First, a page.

DNA Sets Man Free After Scalia Mocked His Death Penalty Appeal - U.S. Supreme Court
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DNA Sets Man Free After Scalia Mocked His Death Penalty Appeal

Ten years after the U.S. Supreme Court declined to review their case, and 30 years after they were convicted, two half-brothers have been cleared of a 1983 sexual assault and murder thanks to DNA. Henry Lee "Buddy" McCollum, 50, has spent three decades on death row, while Leon Brown, 46, was serving a life sentence. Both are expected to be released today, reports The New York Times.

Their case is notable for a number of reasons: McCollum's low IQ, said to be in the 60s, puts him at or near the territory for categorical ineligibility due to his intellectual disability. Brown, who also faced the death penalty at the time, was only 15 when the crime was committed (and would also now be ineligible for execution). And though there have been a handful of death row exonerations in the past, this case looks particularly weak in retrospect -- a coerced confession, an overlooked suspect, and little to no other evidence.

But most of all, it is a sarcastic quip about McCollum's case by Justice Antonin Scalia that's attracting attention.

'Weak' Case and a Cigarette Butt

The Times, in its coverage of the half-brothers' story, called the case against them "always weak." And though clichés about hindsight come to mind, indeed, this does look like a tragic and avoidable miscarriage of justice.

In 1983, after local police received a tip about the murder of 11-year-old Sabrina Buie, the two brothers were brought in and interrogated for five hours. McCollum cracked and made up a story about how he and three others attacked and murdered the girl. Brown also confessed after hearing that his brother had done so.

Both recanted almost immediately. The other two men implicated in the confession were never charged. After the state supreme court ordered retrials, McCollum was convicted of murder and sentenced to death, while Brown was convicted of rape and given a life sentence.

Recent DNA testing of a cigarette butt found at the scene matched to Roscoe Artis, a man who confessed to the rape and murder of an 18-year-old girl mere weeks after Buie's murder. Artis lived only a block from where Buie (and the cigarette) was found. He's currently serving a life sentence for the second murder.

The DNA, combined with the weak original case, was enough to set the brothers free.


An interview with McCollum from last week by The News & Observer.

Scalia's Quip

In 1994, Justice Harry Blackmun penned a passionate dissent from the U.S. Supreme Court's denial of certiorari in a death penalty case, swearing off the death penalty for good:

From this day forward, I no longer shall tinker with the machinery of death. For more than 20 years, I have endeavored -- indeed, I have struggled -- along with a majority of this Court, to develop procedural and substantive rules that would lend more than the mere appearance of fairness to the death penalty endeavor. Rather than continue to coddle the Court's delusion that the desired level of fairness has been achieved and the need for regulation eviscerated, I feel morally and intellectually obligated simply to concede that the death penalty experiment has failed.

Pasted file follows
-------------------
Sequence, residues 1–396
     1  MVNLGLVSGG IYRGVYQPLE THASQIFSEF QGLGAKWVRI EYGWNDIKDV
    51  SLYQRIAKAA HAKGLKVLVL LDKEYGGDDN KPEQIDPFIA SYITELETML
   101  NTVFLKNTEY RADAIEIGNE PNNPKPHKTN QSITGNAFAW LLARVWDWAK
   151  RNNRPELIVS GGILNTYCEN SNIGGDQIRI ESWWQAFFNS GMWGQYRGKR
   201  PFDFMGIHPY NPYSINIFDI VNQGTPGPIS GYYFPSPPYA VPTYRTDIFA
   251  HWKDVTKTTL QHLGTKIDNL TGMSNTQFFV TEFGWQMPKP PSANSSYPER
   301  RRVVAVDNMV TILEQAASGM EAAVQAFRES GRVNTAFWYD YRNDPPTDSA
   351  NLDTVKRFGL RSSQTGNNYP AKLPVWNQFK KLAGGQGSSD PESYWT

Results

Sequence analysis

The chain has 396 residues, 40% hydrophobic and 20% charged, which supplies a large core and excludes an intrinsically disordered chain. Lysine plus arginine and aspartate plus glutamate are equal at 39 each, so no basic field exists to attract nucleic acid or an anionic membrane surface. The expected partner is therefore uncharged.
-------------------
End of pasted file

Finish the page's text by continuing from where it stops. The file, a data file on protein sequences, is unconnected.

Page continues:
Justice Antonin Scalia, being Scalia, responded:

The death-by-injection which JUSTICE BLACKMUN describes looks pretty desirable next to that. It looks even better next to some of the other cases currently before us which JUSTICE BLACKMUN did not select as the vehicle for his announcement that the death penalty is always unconstitutional -- for example, the case of the 11-year-old girl raped by four men and then killed by stuffing her panties down her throat. See McCollum v. North Carolina, No. 93-7200, cert. now pending before the Court. How enviable a quiet death by lethal injection compared with that! If the people conclude that such more brutal deaths may be deterred by capital punishment; indeed, if they merely conclude that justice requires such brutal deaths to be avenged by capital punishment; the creation of false, untextual and unhistorical contradictions within 'the Court's Eighth Amendment jurisprudence' should not prevent them.

Undeterred, a few months later, Justice Blackmun actually did dissent from the Court's denial of cert. in McCollum's case:

Buddy McCollum is mentally retarded. He has an IQ between 60 and 69 and the mental age of a 9-year old. He reads on a second grade level. This factor alone persuades me that the death penalty in his case is unconstitutional.

To be fair to Scalia here, both justices wrote their opinions on the assumption that McCollum was guilty, and both were incorrect. Scalia's point was simply that lethal injection itself is humane, especially compared to the gang rape and murder of an 11-year-old, a statement that is hard to disagree with. Blackmun's issue was with the uneven and unfair application of the death penalty. (In his dissent, he proceeded to highlight the fact that McCollum's three alleged co-participants were not on death row.)

Still, this is the problem with writing quotable bluster: It can come back to haunt you, especially when quoted out of context.

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